I would also advocate that these responsibilities be codified into a long term plan to secure sustainability across the supply and value chain. This plan could run for 5 or even 10 years. And this plan should be our commitment to ensuring increasing improvements in reducing our environmental impact to as low as possible whilst ensuring that we improve our marketing effectiveness and respond to the changing challenges from consumers.
 
Action:
 
Capital One is taking action and I’d like to outline the actions that we are taking to respond to our responsibilities and our changing marketing model. What excites me most about these challenges is that I believe wholeheartedly in the ability of our associates to win in the market when given a constantly changing marketing landscape. Changes present us at Capital One with the opportunity to move faster and smarter than our competitors.
 
SLIDE: The Capital One Marketing model continues to move from push to pull
 
We are cutting volumes and moving our response model to be much more integrated across the marketing mix. We are investing more in above the line communications and brand building to create medium term pull. We see response dynamics changing in the financial services industry much more towards internet and the inbound model.
 
SLIDE: Internet is now main acquisition channel for direct credit cards

 

We are investing in our internet infrastructure for both customer servicing and customer acquisition. We are setting stretching targets for ourselves to reduce our environmental impact by using electronic channels. The internet is already our primary channel for customer acquisition and will be our primary channel for customer servicing in the next couple of years with all the associated benefits of e-servicing such as lower occurrence of paper statements.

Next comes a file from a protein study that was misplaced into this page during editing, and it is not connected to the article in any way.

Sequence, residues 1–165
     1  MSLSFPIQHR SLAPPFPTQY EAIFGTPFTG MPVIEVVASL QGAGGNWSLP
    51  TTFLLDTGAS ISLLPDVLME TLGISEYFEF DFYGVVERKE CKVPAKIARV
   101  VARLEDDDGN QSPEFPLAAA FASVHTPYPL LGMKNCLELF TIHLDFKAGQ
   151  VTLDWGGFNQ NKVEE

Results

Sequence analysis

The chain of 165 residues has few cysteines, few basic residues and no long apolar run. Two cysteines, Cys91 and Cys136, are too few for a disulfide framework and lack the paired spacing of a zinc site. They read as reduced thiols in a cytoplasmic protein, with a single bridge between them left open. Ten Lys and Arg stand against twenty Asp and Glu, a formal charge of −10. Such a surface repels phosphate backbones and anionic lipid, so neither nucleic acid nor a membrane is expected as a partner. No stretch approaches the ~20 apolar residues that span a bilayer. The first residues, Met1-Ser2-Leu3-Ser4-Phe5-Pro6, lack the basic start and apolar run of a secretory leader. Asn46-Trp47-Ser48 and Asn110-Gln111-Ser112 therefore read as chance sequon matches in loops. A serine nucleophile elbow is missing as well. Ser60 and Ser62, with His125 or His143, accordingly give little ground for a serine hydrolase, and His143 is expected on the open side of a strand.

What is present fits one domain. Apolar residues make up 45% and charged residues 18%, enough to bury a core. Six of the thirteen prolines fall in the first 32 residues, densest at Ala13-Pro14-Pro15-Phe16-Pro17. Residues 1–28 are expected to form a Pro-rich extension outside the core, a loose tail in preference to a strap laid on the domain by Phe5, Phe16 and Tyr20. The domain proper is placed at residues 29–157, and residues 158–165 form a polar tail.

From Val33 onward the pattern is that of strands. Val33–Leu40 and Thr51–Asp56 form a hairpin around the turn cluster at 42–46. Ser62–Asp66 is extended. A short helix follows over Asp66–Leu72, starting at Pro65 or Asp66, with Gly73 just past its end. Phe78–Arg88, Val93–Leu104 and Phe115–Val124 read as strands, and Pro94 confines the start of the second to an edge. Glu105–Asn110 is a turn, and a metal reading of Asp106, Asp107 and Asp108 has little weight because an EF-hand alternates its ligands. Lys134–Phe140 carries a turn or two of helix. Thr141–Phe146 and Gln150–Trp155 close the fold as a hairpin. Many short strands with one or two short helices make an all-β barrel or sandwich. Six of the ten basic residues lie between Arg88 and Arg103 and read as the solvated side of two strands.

SLIDE: Media fragmentation.
 
We are exploring the changing role that direct marketing plays in our marketing model. Understanding the increasingly complex fragmentation
of media presents new opportunities to engage through integration. We are finding direct marketing still has a powerful role to play in acquiring customers however the role is subtly changing from an application channel to an information giving channel. We are actively exploring new pull
models of direct marketing rather than pushing.
 
SLIDE: Towards a sustainable model for Capital One
 
We have established a project to assess the environmental impact of our business in detail. This will report early next year. It will allow us to take action to move Capital One in the UK towards true carbon neutrality across our supply chain and with minimal use of carbon offsetting.